Some Christians claim that the Catholic Church doesn’t really “preach the gospel,” because they believe that salvation by “faith alone” is the substance of the gospel. (See “Does the Church Teach Salvation by Works?”) But what exactly is the substance of this “good news” that must be preached?
St. Peter’s first sermon, which is preached on the day of Pentecost (see Acts 2:22-40), summarizes Jesus’ life, death, resurrection, and ascension into heaven. Then he instructs his hearers: “Repent, and be baptized … for the forgiveness of your sins” (2:38).
In this address, the notion of salvation by “faith alone” does not appear at all. Instead, the gospel preached is the proclamation of who Jesus is and what he has done. Salvation (including God’s forgiveness of sins) comes to the hearers through their response of repentance, baptism, and a subsequent life of obedience to God. When St. Paul preaches the gospel, he makes the same kind of proclamation and calls for the same kind of response (see Acts 13:16-41; 1 Cor 15:1-11).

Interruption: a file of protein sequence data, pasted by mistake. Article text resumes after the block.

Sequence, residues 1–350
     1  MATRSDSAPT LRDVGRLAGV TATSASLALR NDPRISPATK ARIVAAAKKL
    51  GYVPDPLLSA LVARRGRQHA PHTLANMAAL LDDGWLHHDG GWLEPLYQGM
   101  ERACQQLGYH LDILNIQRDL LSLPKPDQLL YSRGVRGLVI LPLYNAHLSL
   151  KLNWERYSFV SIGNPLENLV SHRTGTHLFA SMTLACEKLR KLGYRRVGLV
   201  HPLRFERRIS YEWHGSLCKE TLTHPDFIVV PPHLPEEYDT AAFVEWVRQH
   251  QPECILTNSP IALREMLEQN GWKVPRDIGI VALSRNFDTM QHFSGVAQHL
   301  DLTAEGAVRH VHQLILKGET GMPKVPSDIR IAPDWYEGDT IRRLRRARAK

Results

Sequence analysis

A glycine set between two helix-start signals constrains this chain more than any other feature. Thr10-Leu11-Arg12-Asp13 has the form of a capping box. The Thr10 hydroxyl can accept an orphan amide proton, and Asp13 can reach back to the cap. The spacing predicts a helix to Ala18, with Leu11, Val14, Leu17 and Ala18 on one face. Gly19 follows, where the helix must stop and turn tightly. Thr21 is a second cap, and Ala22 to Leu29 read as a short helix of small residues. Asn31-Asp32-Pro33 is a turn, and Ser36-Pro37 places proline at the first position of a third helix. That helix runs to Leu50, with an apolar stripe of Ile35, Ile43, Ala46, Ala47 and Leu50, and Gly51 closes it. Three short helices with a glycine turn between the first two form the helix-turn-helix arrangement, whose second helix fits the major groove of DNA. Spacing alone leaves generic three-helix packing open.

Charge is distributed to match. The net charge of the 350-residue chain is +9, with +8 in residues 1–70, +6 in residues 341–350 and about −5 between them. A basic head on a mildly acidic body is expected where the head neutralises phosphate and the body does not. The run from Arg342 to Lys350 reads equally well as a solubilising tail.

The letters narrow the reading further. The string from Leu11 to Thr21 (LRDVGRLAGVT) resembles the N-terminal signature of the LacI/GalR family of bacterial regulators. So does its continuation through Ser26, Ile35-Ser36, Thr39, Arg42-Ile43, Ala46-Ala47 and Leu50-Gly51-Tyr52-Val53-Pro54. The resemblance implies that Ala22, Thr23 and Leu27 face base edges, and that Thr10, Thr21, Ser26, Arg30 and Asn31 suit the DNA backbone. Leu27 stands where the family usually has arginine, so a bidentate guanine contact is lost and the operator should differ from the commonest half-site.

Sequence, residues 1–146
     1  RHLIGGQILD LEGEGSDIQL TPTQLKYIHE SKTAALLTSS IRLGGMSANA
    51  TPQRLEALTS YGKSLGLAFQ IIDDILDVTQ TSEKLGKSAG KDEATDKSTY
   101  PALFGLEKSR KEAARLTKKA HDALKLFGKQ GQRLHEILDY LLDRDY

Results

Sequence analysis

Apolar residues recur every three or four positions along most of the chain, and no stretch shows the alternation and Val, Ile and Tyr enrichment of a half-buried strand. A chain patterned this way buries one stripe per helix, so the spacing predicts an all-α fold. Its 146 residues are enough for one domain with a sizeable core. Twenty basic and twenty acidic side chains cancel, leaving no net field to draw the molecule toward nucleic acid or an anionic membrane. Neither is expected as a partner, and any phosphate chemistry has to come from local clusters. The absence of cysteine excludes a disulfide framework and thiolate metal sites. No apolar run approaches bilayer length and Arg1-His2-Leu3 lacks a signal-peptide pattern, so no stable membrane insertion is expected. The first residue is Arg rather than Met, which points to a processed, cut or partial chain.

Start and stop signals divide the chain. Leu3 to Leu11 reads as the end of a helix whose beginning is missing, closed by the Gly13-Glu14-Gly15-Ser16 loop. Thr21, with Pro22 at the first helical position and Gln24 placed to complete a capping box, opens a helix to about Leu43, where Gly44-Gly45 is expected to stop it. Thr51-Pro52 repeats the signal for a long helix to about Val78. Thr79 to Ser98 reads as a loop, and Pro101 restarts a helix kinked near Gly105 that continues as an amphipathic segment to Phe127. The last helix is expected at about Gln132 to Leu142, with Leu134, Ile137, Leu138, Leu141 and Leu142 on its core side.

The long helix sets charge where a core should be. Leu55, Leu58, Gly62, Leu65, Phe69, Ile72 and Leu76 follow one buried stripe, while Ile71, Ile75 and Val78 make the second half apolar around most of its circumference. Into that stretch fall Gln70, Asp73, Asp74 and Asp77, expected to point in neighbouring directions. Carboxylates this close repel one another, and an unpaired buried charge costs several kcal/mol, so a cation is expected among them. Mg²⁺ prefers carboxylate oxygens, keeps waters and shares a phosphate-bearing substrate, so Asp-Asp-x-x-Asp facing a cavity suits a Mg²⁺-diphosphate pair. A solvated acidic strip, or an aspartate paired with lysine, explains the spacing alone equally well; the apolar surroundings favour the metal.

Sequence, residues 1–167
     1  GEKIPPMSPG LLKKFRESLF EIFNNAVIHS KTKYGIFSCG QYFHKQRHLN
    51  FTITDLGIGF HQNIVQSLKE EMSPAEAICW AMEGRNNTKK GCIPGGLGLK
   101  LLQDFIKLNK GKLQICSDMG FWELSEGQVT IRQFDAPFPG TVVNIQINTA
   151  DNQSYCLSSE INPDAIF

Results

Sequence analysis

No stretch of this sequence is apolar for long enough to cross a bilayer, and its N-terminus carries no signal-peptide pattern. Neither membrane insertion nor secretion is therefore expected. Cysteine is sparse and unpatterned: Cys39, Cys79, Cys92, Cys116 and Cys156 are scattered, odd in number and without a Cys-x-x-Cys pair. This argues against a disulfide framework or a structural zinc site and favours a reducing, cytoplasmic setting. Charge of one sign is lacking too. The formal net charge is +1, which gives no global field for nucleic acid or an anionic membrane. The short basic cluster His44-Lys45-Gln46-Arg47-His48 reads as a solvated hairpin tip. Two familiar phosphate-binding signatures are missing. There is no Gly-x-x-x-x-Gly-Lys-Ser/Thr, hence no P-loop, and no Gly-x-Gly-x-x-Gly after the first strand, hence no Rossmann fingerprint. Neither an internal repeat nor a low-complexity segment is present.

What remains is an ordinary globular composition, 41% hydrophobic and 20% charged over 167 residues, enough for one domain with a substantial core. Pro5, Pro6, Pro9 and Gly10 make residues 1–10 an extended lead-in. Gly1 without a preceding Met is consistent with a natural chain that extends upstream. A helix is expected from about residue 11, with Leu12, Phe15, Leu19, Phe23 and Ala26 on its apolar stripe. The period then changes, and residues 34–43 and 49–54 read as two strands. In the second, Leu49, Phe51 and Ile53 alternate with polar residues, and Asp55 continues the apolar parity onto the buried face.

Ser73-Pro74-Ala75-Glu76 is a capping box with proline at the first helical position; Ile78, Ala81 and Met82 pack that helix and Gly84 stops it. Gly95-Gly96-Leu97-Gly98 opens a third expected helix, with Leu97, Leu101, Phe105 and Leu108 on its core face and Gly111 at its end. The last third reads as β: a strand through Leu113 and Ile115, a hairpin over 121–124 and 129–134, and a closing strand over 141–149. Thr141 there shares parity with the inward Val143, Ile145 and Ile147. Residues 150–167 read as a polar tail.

According to Scripture, then, the gospel is what the Catholic Church has always preached: a proclamation of the life, death, resurrection, and ascension of Jesus Christ, which calls for our response of repentance, baptism, and a life of obedience to God.
In fact, every Mass is an instance of preaching the gospel. A passage from Matthew, Mark, Luke, or John is always read publicly at Mass so that we can hear and respond to God’s good news. In addition, at every Mass the fruits of Christ’s work are re-presented to us in the Eucharist, to help us live lives pleasing to God. (See also “Were Other ’Gospels’ Banned From the Bible?”.)